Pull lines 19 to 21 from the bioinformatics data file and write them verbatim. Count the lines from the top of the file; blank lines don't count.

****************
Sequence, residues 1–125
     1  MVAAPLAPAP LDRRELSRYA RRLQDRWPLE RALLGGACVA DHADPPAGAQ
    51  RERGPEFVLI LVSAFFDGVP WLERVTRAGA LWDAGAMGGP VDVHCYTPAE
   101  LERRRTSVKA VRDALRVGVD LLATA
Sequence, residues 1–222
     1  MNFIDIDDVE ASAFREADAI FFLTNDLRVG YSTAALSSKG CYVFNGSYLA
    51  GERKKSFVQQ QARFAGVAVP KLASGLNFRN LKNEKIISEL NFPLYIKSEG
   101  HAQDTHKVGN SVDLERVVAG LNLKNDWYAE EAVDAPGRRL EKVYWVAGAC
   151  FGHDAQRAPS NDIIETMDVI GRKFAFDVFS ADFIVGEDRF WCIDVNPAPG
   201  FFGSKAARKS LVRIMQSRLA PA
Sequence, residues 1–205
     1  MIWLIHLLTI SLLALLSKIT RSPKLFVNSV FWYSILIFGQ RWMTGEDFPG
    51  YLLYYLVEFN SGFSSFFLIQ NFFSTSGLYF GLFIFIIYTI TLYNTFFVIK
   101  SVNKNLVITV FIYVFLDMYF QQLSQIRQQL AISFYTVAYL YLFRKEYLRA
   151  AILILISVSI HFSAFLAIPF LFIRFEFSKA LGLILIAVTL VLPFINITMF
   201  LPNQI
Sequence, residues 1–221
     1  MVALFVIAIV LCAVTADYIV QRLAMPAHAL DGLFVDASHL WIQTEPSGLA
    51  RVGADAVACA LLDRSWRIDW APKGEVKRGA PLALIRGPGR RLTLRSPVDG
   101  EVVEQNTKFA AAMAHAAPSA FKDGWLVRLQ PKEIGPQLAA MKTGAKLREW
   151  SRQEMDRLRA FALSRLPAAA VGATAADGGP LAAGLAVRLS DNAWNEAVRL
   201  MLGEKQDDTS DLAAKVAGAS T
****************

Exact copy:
    51  RVGADAVACA LLDRSWRIDW APKGEVKRGA PLALIRGPGR RLTLRSPVDG
   101  EVVEQNTKFA AAMAHAAPSA FKDGWLVRLQ PKEIGPQLAA MKTGAKLREW
   151  SRQEMDRLRA FALSRLPAAA VGATAADGGP LAAGLAVRLS DNAWNEAVRL